We first address the synchronous and sequential update schemes. In the former case we have the synchronous (parallel) GDS map We refer to this subclass of GDS as synchronous dynamics systems (SyDS), since all vertex functions are executed simultaneously (i.e., in parallel); it is sometimes referred to as generalized cellular automata. In the latter case we consider permutation update sequences. We first introduce the notion of X-local functions. Here, the X-local function Fv:KnKn is given by i.e., Fv updates only the vth component of the system state. Using π = (π1, …, πn) ∈ SX (the set of all permutations of v[X]) as an update sequence, the corresponding asynchronous (or sequential) GDS map Fπ:KnKn is given by which is the composition of the X-local functions. We refer to this class of asynchronous systems as (permutation) sequential dynamical systems (SDS).

A generalization of the two previous update schemes is block sequential. In this scheme, the vertices are partitioned into a sequence of q sets or blocks B = (B1, B2, …, Bq). The vertex functions for the vertices in each block are executed simultaneously, with sequential ordering between consecutive blocks. Let πB = (πB1, …, πBq) be a block permutation. We have the X-local function, for l ∈ {1, …, q}, FπBl:KnKn, where the ith entry in FπBl is the identity map if vertex iBl and is fi if vertex iBl. We have the block sequential GDS map and refer to it as a block sequential dynamical system (BSDS). When the size of each block is one, a block sequential GDS map reduces to a sequential GDS map, and when all vertices are in one block, the block sequential map reduces to a synchronous GDS map. We describe all three types of maps here because different works in the literature may use only one of the update methods.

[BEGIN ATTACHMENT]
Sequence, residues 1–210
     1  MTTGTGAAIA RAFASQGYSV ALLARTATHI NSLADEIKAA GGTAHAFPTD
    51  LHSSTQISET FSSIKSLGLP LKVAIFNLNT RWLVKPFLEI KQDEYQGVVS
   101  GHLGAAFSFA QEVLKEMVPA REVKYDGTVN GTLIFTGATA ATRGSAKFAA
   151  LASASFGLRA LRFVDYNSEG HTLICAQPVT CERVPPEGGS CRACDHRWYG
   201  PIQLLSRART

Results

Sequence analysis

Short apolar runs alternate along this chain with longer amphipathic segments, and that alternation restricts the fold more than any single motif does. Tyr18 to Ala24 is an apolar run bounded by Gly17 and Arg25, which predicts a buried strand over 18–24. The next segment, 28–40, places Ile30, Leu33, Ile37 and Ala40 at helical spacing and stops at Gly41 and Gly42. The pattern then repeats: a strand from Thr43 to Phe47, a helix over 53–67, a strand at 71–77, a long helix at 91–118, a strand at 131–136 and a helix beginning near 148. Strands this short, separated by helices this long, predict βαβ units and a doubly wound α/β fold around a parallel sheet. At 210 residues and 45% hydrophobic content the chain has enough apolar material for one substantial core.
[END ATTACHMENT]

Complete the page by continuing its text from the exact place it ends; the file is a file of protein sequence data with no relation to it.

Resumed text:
To this point, we have described fair word orders; that is, each vertex appears exactly once in a (block) permutation. Unfair word orders [18], where vertices may appear more than once in a (block) permutation, are also studied. If unspecified, the convention is to assume a fair word order.

The phase space Γ(F) of the GDS map F is a directed graph with vertex set Kn and edge set . A state x for which there exists a positive integer p such that Fp(x) = x is a periodic point, and the smallest such integer p is the period of x. If p = 1 we call x a fixed point of F. A state that is not periodic is a transient state. Classically, the omega-limit set of x, denoted by ω(x), is the set of accumulation points of the sequence {Fk(x)}k ≥ 0. In the finite case, the omega-limit set (also called a (limit) cycle, (periodic) orbit, limit set, or attractor) is the unique periodic orbit reached from x under F.

Given two update sequences π and π′, if Fπ and Fπ give the exact same state transitions; i.e., Fπ(x) = Fπ(x) for every xKn, then the GDS maps are equal; i.e., Fπ = Fπ, and we say that the maps are functionally equivalent. If the limit cycle structures for the two maps are the same, to within an isomorphism, then we say the two maps are cycle equivalent [7]. Cycle equivalence describes long-term dynamics. If two maps are functionally equivalent, then they are cycle equivalent. Functional and cycle equivalence can be computed for any pair of GDSs, irrespective of update sequence.

Example Vertex Functions

First, we introduce threshold and bithreshold vertex functions. We confine ourselves to Boolean systems so that K = {0,1}. We write din for din(v) and assume that vn[v]. A Boolean threshold function θv, k, din : KdinK is defined by (1) where .